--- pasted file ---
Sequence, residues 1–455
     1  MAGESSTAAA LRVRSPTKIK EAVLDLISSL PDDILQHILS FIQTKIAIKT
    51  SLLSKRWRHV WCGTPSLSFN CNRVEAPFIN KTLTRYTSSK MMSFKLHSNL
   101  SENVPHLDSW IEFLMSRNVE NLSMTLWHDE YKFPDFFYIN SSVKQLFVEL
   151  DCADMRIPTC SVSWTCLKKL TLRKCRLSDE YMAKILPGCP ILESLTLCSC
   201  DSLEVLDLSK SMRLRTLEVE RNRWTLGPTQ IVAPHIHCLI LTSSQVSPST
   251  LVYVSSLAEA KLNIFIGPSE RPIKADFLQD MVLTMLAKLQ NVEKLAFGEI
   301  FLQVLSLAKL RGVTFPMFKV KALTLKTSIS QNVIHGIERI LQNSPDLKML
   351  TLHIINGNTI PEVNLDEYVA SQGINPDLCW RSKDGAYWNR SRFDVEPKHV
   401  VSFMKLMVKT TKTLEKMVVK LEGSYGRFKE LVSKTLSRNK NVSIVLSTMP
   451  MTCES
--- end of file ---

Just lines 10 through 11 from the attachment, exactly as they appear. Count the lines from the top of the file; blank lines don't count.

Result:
   401  VSFMKLMVKT TKTLEKMVVK LEGSYGRFKE LVSKTLSRNK NVSIVLSTMP
   451  MTCES